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A south-west Betoota farmer thought the biggest hurdle he’d have to jump over this year was tossing up between using his new disc seeder to put his wheat in or drag the chisel plough over it then direct drill it like he’s always done.

“It was a matter of how much residual moisture there was in the soil,” said local farmer Michael Cleary, 61.

“But I had a brand-new disc seeder just sitting in the shed but the ground was a bit too hard for my liking when I was ready to sow, but then we got 110 points one afternoon so I thought, ‘Fuck it,’ and I used the disc seeder to put my wheat in with a bit of mono-ammonium phosphate to kick it in the guts,”

“It was a gamble, I wasn’t 100% on the seed bed you get from those soft-country disc seeders and whatnot but we’ll see how it goes. Now all I need is a bit of rain.” he said.

Taking our reporter on a tour around his vast quarter-million-acre spread on the edge of the Simpson Desert, just a short drive to the village community of Haddon Corner, Mr Cleary explained that most of the country he sows crop in is amongst some of the most fertile in the wider Diamantina area.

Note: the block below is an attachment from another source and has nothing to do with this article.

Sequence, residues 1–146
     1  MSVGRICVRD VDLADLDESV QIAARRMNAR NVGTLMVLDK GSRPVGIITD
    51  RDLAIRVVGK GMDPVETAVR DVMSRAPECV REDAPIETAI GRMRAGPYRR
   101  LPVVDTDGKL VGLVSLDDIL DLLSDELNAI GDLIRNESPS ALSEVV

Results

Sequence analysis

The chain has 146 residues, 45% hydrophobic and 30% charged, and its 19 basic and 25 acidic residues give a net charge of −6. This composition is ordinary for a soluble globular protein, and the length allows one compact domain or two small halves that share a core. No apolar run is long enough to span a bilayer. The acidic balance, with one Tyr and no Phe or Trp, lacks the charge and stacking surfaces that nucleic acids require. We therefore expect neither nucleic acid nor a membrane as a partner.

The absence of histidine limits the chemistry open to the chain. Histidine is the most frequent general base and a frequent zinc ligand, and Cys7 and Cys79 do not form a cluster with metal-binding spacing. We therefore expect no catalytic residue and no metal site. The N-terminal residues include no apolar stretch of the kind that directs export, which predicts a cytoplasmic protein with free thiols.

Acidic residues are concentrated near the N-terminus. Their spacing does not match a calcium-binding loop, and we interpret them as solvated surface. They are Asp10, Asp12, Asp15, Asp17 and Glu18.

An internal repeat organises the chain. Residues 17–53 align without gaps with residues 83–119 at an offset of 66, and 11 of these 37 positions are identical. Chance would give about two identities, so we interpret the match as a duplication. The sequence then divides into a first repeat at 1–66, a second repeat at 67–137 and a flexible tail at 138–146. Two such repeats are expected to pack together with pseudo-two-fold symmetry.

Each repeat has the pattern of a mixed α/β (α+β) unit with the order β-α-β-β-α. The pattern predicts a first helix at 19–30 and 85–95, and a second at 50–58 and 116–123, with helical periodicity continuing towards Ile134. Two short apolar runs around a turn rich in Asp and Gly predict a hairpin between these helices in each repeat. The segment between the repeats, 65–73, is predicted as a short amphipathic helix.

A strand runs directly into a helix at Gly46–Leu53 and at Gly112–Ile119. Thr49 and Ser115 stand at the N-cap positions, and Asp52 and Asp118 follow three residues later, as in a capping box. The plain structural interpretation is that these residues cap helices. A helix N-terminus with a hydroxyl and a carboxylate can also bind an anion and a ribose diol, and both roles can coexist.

However, he explained that it’s not enough and that he often retires to the cab of his John Deere S670 after dinner and takes time praying to each major God and asks for a gentle deluge.

“The wheat paddock is a bit poor at the moment and I’ve pretty much sowed into the side of a sand hill, but I’ve estimated the crop would go close to six tonnes a hectare if we get a bit of rain on it now,” he said.

“I’ve had a big punt this winter and I hope there’s something to strip come summer time. I’ve got two million dollars worth of green machinery in the shed that the bank owns, which means I’m broke. The trip to Noosa might be off this summer.”

More to come.


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